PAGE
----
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Topic: Can I use a transistor to turn on and off positive voltage? (Read 3206 times) previous topic - next topic

CrossRoads

Don't use TIP120, that has a dual transistor output, you just want a single transistor to minimize the voltage across the button when the transistor is turned on.

Designing & building electrical circuits for over 25 years.  Screw Shield for Mega/Due/Uno,  Bobuino with ATMega1284P, & other '328P & '1284P creations & offerings at  my website.

pederw


pederw

Don't use TIP120, that has a dual transistor output, you just want a single transistor to minimize the voltage across the button when the transistor is turned on.


Thanks ! What do you mean about single and dual transistor output ?
Learning a lot today ! :D

CrossRoads

See the datasheet
https://www.fairchildsemi.com/datasheets/TI/TIP122.pdf
Schematic on page 1 shows dual transistor arrangement - good for high current driving, poor for logic use.
Vce(sat) on page 2 shows Vce of at least 2V - not good if you are trying to pull a 1.7V signal low.

A Low on resistance (low Rds) N-channel MOSFET would be better, it would have very low voltage drop so the 1.7V would be really low when switched.
http://www.digikey.com/product-detail/en/alpha-omega-semiconductor-inc/AOI510/785-1487-1-ND/3603498
Same for P-channel MOSFET for the high side
https://www.digikey.com/products/en/discrete-semiconductor-products/transistors-fets-mosfets-single/278?k=p-channel+mosfet&k=&pkeyword=p-channel+mosfet&pv1993=24&FV=fff40015%2Cfff8007d%2Cffe00116%2C1140050&mnonly=0&newproducts=0&ColumnSort=0&page=1&stock=1&quantity=0&ptm=0&fid=0&pageSize=25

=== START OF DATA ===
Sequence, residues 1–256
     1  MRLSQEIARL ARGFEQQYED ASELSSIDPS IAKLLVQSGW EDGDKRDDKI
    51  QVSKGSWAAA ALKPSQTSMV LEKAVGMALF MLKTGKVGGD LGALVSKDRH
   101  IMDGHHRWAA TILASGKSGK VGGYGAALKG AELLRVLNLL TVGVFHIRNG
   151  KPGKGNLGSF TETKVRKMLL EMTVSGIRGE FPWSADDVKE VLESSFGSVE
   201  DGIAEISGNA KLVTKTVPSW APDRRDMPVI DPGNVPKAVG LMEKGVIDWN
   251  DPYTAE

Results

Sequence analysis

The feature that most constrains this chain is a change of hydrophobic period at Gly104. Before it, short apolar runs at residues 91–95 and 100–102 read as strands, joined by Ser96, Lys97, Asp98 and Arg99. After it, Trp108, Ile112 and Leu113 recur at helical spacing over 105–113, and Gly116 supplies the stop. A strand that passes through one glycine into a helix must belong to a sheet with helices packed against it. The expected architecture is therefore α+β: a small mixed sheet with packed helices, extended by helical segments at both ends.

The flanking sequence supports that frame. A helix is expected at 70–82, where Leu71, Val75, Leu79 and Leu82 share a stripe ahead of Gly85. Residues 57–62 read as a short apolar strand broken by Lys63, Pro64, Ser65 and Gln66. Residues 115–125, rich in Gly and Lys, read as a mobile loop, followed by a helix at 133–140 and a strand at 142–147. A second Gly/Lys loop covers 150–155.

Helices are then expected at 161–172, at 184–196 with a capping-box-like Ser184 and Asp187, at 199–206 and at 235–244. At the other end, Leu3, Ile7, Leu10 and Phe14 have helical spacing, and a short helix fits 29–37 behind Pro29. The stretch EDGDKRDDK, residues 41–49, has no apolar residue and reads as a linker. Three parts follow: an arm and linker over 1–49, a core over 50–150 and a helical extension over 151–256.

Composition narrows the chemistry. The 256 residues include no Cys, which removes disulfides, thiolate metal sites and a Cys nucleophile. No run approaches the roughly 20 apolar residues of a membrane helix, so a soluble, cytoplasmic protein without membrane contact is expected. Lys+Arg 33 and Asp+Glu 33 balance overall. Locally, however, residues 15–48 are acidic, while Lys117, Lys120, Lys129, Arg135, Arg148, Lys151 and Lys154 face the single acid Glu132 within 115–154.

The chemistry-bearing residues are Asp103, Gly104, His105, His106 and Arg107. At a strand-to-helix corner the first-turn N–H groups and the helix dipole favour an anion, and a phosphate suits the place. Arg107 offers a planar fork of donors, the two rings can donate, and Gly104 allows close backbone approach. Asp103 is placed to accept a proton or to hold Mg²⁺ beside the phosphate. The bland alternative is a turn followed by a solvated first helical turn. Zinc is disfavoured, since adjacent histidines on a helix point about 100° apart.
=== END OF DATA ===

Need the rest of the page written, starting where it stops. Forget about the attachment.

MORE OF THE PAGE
Designing & building electrical circuits for over 25 years.  Screw Shield for Mega/Due/Uno,  Bobuino with ATMega1284P, & other '328P & '1284P creations & offerings at  my website.

CrossRoads

MOSFET uses voltage levels to turn on and off, very little input current, like 1microAmp. Outputs can be found with very low Rds (Resistance from drain to source) making them look very much like a mechanical switch.
Power dissipated in the device is then related to current flow, P = I*I*R, so for high current, low Rds is very beneficial.
1A*1A*.010 ohm = .01W.

Bipolar Junction Transistor (BJT, NPN type and PNP type) need current into the base to let current flow from collector to emitter, with a more or less fixed voltage across C to E (Vce) of 0.5 to 0.7V.
Since Vce doesn't change, power dissipated by the device can be high. P=I*V, so 1A*.5ohm = 0.5W.  Big difference.

In this application tho, where the current flow is low, but the voltages are also low, the low Rds of the MOSFETs makes more sense to use so the voltage swings can look more like the switch contacts you are duplicating.
Designing & building electrical circuits for over 25 years.  Screw Shield for Mega/Due/Uno,  Bobuino with ATMega1284P, & other '328P & '1284P creations & offerings at  my website.

pederw

Okei, think I understand.
Summary;
BJT and MOSFETS are tow type transistors.
BJT er better for high current, but have a little voltage drop. Use current to ''turn on and off''
MOSFETS are better for low current with little or nothing voltage drop(?). Use voltage turn on and off.

Questions.
1. Does MOSFETS exist in PNP and NPN to or is it only one type ?
2. Do you activate and use MOSFETS the same as BJT? Only voltage/current different ?
3. Is TIP120 a BJT ?
4. Witch MOSFETS do you recommend for me? May be useful for other projects as well. Want both types, NPN and PNP if that exist.

Thank you CrossRoads :)